STYLE:  The animal house where the pigs live followed by a French definite article.

My podium today is 5a, 12a and 2d with 2d on the top step.  How about you?

Quick crossword pun:

MASS     +     CUE     +     LINN     =     MASCULINE

92 comments on “DT 30408

  1. Quite tricky, completed in
    2* time.
    The 5 anagrams and 1
    Partial anagram assisted in
    Providing useful checking
    Last in 23d, a big Duh
    Many thanks Campbell and pommers.

  2. pommers – you (and Hrothgar it seems) need to go back to Comment 1 in DT 30396 when Campbell and X-Type told us that they would be ‘double teaming’ on Mondays which makes today an X-Type Monday (and you the X-Type blogger).

    Apart from unscrambling the spelling of 21d, reasonably straightforward and very enjoyable – **/****

    Candidates for favourite – 19a, 1d, 2d, and 23d – and the winner is 23d.

    Thanks to X-Type and pommers.

    1. Ah, I saw Campbell’s comment but missed the one from X-type. As Falcon and I mostly alternate it looks like I’m the X-type blogger for the next few weeks at least.

  3. A nice Monday crossword, only 21d bringing a slight pause in the proceedings

    Thanks to X-Type and Pommers

  4. Second crossword running that I couldn’t get on with, found it more irritating than enjoyable, especially 4d, oh well, lets see what tomorrow brings…

  5. A couple of minor quibbles. The setter has used exactly the same device to clue 27a&3d, no great shakes but it did cause my repetition radar to bleep. I’m not a great fan (well not a fan at all) of using given names (Norma, Reg, Gretel) in the wordplay especially in anagram fodder. Those aside a pleasant puzzle with my top three being 7&18d with top spot going to 16a
    Many thanks to X-Type and Pommers.

    1. SL. What is wrong with using names (Gretel, Norma) in anagram fodder? A name is merely a word, same as any other word that my be used in plain sight in some fodder. I don’t understand why it should be irksome?

      1. I’m with you all the way, Jose. I’ve seen this mentioned by the occasional punter before and I don’t get it.

        If every word in the dictionary is fair game, plus, all the proper nouns like cities, US states and countries, then why not people’s names that are also proper nouns?

      2. I agree, see no problem with it being part of an anagram when you are given the name in the clue. But I don’t care for it when you have to guess the name of a girl or boy in a partial anagram as the options are endless.

    2. I don’t mind proper names when they are in plain sight in anagram fodder. What I object to is having “man” or chap” or similar in the clue and it turns out to be cluing Tom or Tim or some other man’s name.

      1. Unless the name has some sort of relevance to the overall surface read I’m not a fan of it as it’s obviously plonked in there to make up the fodder. Yes it’s a word but it adds nothing to the clue in terms of misdirection or disguise, quite the opposite. The best anagrams are where the fodder actually adds to the surface read…and I don’t think using a random given name does this. Others may disagree but it doesn’t float my boat I’m afraid…..though I wouldn’t go as far as to say it’s “irksome”.

        1. In 12a, there was perhaps a bit of misdirection. My first thought was to look for a link to the Hansel and Gretel fairy tale — which, of course, I didn’t find.

      2. Some people don’t like ‘Guess a name’ but, for me, it’s the same as ‘Guess the plant/flower/fish/bird/US state abbreviation’.

        There are way more US state abbreviations than three or four letter names that get used.

        I don’t understand that one either.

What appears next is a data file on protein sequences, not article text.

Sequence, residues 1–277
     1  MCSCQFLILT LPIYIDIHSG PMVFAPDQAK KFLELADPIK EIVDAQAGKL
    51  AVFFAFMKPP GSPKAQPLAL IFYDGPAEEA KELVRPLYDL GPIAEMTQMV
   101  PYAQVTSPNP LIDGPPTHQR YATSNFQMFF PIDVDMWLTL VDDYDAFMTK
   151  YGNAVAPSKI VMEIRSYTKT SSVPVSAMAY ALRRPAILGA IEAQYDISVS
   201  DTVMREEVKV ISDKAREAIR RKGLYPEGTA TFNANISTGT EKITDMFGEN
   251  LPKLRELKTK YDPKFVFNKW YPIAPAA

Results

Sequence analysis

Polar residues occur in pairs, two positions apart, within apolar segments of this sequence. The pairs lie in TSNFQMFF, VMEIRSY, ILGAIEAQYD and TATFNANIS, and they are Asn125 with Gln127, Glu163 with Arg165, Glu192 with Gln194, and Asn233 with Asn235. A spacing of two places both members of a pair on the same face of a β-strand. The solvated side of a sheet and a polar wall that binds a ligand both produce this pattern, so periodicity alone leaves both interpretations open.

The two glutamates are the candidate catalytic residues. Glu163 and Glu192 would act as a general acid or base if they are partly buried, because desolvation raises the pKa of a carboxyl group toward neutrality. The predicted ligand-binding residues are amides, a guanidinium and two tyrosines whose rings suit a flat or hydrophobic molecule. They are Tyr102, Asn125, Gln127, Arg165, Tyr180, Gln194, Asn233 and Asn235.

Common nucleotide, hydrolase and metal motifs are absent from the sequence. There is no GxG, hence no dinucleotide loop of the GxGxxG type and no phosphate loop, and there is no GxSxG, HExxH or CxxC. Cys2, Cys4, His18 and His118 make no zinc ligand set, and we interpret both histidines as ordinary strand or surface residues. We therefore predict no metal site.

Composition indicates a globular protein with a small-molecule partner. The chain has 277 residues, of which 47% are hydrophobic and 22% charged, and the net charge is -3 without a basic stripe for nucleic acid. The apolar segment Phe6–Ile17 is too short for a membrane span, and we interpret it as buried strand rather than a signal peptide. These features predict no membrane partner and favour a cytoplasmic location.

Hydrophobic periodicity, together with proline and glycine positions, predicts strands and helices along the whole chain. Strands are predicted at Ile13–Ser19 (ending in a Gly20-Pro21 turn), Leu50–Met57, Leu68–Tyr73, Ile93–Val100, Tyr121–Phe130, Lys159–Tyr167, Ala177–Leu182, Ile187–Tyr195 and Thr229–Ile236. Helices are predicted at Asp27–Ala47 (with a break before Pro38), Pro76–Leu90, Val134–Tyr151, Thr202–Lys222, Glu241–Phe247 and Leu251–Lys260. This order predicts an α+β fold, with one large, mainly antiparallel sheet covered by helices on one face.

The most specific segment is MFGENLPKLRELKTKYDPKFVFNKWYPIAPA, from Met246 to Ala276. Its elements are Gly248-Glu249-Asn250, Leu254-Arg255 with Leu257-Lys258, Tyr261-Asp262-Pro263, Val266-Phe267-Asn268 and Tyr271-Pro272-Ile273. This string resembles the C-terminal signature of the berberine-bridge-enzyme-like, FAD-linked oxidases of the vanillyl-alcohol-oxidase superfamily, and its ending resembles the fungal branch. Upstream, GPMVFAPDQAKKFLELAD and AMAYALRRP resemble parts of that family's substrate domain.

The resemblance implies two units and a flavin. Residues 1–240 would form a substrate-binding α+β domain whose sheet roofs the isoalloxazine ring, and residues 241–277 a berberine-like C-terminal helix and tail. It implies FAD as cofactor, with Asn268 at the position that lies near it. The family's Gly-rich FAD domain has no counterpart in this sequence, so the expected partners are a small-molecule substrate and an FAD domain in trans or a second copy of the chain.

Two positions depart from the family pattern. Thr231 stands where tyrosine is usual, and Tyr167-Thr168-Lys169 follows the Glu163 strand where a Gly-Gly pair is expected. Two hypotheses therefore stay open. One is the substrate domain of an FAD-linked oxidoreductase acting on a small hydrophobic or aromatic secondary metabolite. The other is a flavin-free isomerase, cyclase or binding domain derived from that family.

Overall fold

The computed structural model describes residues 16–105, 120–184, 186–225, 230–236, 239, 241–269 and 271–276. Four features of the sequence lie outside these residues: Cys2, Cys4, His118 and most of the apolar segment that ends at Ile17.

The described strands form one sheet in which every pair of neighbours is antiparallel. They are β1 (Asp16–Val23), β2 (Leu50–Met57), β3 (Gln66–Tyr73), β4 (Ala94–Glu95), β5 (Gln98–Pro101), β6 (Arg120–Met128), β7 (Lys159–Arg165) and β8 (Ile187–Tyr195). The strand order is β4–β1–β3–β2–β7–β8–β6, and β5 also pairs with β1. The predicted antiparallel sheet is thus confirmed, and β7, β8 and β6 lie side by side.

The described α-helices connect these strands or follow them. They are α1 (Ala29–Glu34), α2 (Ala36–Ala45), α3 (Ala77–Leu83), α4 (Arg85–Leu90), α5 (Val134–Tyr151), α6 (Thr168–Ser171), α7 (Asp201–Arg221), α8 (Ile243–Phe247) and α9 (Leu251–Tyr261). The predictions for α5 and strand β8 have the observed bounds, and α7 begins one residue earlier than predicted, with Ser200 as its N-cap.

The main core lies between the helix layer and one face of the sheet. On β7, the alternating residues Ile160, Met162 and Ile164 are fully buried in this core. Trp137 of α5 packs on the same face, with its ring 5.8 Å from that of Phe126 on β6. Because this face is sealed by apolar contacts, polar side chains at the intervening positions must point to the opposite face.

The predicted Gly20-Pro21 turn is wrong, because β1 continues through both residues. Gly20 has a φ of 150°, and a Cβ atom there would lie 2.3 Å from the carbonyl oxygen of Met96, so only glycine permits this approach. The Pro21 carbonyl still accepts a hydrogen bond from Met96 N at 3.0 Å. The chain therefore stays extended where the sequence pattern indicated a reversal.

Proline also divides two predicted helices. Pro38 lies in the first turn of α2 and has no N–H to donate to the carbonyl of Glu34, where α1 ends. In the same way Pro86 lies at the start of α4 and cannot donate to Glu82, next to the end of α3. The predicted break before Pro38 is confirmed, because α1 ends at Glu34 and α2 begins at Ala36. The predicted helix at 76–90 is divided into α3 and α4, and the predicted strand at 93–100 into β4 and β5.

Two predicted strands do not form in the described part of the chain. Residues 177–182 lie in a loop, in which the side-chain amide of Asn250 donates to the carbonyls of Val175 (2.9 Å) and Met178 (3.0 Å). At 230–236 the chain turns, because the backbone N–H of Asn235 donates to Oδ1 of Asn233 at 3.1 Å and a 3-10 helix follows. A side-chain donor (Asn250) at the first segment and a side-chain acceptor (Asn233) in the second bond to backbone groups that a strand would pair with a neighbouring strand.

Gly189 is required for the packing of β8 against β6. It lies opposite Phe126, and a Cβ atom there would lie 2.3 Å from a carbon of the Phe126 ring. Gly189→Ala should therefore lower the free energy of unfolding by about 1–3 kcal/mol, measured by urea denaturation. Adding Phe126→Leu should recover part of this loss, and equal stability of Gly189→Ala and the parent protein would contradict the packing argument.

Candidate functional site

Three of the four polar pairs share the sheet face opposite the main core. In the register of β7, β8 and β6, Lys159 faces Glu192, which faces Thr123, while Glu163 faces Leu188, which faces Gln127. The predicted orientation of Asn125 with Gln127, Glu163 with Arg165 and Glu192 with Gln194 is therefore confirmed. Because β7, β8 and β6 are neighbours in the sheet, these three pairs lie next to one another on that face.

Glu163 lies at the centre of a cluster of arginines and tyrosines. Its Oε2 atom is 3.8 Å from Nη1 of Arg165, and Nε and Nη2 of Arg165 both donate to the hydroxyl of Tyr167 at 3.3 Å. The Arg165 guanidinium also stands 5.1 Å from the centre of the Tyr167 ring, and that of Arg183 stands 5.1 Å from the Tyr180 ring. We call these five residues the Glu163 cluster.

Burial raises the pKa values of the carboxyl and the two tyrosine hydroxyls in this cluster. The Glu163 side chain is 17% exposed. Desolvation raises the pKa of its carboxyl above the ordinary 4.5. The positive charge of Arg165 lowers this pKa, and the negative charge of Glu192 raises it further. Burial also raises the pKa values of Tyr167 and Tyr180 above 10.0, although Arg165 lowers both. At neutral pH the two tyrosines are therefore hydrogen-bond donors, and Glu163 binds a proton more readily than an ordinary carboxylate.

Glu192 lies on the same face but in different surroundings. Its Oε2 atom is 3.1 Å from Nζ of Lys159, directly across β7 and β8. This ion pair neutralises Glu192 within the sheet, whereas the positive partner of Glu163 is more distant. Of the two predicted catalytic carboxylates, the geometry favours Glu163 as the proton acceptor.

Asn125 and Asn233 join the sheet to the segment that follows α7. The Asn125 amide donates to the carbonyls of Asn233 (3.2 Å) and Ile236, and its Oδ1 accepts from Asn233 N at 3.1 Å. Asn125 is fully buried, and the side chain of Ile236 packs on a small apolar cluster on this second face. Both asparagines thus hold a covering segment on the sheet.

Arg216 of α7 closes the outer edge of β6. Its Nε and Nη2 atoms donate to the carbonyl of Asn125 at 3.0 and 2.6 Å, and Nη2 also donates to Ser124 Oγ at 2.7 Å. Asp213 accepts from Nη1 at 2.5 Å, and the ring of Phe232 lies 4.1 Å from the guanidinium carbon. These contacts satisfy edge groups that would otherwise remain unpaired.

Re Stephen L’s reply……many words in anagram fodder add nothing to the clue regarding misdirection etc. Why does a name get such a hard time?

        If you’re left with, say, L E I V in a 10 letter anagram, what is wrong with collating them as the name Levi as opposed to evil, live, veil or vile?

        I understand that it’s subjective but this one has never got on my radar.

        I think people put too much value on anagram fodder.

  6. Like Pommers, I quickly realized that this was not a Campbell puzzle because the clues were not in his usual style. There was a lot of General Knowledge and I didnt know the card game, although it wasn’t hard to work it out. For me, the best of the clues were tthe7d geographical lego clue, the 21d plant anagram and the 12a cryptic definition/ anagram hybrid. Thanks to the compiler and to Pommers for the hints. Fantastic thunderstorms last night, with torrential rain lasted from 1.30 am to 4. 30 am so it took me a while to solve the guzzle as. It was the second sleepless night in a row, after our neighbours had a noisy barbecue/garden party on Saturday that lasted into the wee small hours. I’m feeling a bit jaded today.

    1. Yes we had sheet lightening for about three hours! Spectacular. And now it is simply bucketing down, George having put the big parasol up to dry 🤭

  7. A pleasant enough Mondayish puzzle which didn’t quite float my boat for some reason. Perhaps I’m just that way out this morning after a busy weekend. I didn’t know 21d though it could have been little else and I failed to parse 24a, although, in retrospect, I did know the rhyming slang. Favourite today was 17d, joined on the podium by 5a and 23d. Thanks to X-Type and pommers.

  8. The Monday morning coffee cruciverbal equivalent of a small glass of chilled dry prosecco late afternoon on a warm day: light, refreshing, and hitting the spot. All straightforward, and though 15d and 21a&d were new to me they could have been nothing else owing to the tight clueing. Hon Mentions to 7d & 23d.

    1* / 2.5*

    Many thanks to X-Type & to Pommers.

  9. No real hold ups but was expecting something a bit gentler for a Monday opener. I have a 15d in the garden and it’s beautiful when in flower.

    Thanks to today’s setter and Pommers.

  10. Had to check 5 answers with Mr Google which is rare for a Monday. Thought it was going to be a lot easier when I started. Thanks to X Type, I’ve now know about about 2 new plants, 1 new Yorkshire town, 1 new game and 1 new pair of glasses. Thanks to Pommers also.